The old sign down on the road...

 

 

The side of the "castle"...

Bay window and "parapet" over the main entrance...

 

 

 

 

The castle's name...

 

Ground floor corridor...

 

 

 

 

The ubiquitous Lego brick...

 

 

 

 

Stairs up to the first floor...

 

Pretty glass...

 

 

 

 

Corridor names...

 

Dodgy bedroom corridor floors...

 

 

 

That's a bit academic really!

Trashed!

 

Damp has dropped many ceilings...

 

Stripy - quite appealing!

 

 

 

The inevitable rampant chavvery...

Blue bathroom...

 

 

 

Pink bathroom...

 

 

The rear courtyard from the first floor...

White bathroom = the full set?

 

 

 

One of many badly stained mattresses...

 

 

Evidence of some work having been done?

 

 

No, we just found a yellow one too!

Do as you are told...

 

Or Santa might not call...

 

 

 

 

"Music For Pleasure" - Mantovani?

 

 

 

 

More Lego up in the loft...

 

And a stack of abandoned plates...

 

 

 

There's always a shoe on every explore...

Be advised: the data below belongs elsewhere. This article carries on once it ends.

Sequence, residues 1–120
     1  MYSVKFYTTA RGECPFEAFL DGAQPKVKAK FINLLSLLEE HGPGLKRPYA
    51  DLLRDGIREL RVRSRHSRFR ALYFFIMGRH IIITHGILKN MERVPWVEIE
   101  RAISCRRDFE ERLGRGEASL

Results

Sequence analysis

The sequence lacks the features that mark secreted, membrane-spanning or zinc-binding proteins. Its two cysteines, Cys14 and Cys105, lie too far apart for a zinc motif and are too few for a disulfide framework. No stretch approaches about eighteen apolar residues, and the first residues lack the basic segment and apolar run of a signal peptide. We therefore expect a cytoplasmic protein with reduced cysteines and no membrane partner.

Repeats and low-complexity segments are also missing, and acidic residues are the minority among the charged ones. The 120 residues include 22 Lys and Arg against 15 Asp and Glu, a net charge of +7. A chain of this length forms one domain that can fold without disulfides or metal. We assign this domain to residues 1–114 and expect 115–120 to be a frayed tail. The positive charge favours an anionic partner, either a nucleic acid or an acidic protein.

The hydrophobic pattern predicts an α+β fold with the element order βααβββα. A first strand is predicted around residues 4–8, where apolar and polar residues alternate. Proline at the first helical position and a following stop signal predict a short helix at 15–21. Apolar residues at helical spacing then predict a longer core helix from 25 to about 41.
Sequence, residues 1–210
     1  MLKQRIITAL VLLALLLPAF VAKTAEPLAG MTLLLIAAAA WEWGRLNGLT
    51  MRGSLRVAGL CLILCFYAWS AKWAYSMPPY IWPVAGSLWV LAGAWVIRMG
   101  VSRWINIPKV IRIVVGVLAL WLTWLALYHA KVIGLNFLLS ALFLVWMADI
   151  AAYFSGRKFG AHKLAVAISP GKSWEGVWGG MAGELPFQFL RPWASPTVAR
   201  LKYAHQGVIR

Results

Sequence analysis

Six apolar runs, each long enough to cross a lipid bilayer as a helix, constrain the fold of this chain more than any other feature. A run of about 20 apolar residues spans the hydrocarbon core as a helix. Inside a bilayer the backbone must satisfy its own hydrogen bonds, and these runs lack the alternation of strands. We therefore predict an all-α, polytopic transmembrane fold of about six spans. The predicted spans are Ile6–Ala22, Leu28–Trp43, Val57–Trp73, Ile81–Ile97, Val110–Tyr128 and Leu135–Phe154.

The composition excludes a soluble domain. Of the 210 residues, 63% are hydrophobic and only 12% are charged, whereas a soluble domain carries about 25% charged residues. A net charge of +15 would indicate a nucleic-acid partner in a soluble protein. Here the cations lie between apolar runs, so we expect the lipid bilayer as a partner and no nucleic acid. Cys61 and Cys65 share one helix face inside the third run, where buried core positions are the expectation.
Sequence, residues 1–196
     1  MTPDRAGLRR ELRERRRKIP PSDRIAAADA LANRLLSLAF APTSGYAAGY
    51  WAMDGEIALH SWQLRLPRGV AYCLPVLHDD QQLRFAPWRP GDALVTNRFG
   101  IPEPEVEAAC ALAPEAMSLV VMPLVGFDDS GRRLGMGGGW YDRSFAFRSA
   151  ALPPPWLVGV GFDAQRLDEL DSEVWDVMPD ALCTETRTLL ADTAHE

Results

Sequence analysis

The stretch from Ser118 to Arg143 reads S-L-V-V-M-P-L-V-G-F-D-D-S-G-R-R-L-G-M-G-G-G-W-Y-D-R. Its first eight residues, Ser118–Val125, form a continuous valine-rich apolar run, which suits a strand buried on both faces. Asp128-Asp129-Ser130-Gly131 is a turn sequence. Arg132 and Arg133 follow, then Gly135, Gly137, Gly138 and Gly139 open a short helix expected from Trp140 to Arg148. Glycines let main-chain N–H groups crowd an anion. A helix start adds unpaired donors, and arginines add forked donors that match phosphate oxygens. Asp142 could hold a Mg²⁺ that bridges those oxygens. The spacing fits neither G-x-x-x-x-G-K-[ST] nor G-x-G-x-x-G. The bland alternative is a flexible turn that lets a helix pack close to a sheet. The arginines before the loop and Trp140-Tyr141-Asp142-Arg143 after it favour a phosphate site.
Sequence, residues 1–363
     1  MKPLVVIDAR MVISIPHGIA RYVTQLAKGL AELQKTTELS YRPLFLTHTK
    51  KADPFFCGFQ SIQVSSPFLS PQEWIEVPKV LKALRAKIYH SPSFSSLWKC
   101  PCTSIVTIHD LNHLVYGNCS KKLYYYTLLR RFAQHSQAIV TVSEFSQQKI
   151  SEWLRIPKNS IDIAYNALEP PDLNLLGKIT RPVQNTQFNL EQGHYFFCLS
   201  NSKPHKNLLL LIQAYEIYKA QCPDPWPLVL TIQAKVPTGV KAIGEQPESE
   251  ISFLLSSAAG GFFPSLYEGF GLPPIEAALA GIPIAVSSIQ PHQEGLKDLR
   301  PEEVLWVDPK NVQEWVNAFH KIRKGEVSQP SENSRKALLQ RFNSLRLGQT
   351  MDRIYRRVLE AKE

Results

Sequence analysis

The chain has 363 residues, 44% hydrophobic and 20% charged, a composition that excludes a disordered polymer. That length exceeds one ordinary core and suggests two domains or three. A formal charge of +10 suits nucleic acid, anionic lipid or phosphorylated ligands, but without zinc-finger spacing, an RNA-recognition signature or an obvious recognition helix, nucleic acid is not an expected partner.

Peppermint Patty's room?

 

A kitchenette on the first floor...

 

"Framed"...

 

Going down...

 

The out buildings where we later found patient's records...

 

 

The kitchens proper...

Thermos...

 

 

A cosy bed time drink?

Note to Mrs. Bates?

 

 

 

Pizza anyone?

Oh dear...

 

 

 

The laundry...

Necessary in view of that book...

 

Common room...

 

 

Dedication...

 

Chandelier...

Safe...

 

 

Rotting...

 

Any messages?

Lonely teddy...

 

Is this the pattern for teddy's natty jummy?

 

Lets watch the news...

 

Disabled access...

 

 

King size diapers...

 

I said, "make the bed, don't try to hide it"...

Well appointed?

 

 

Candle...

 

Lamp shade...

Out back...

 

 

 

Not much cover for security...

Stacked in the out building...

 

 

 

Bed pan and trolley...

 

 

Carelessly discarded patient records for one individual...

Robert loves Hilda...

 

Robert's death certificate...

 

Redundant beds...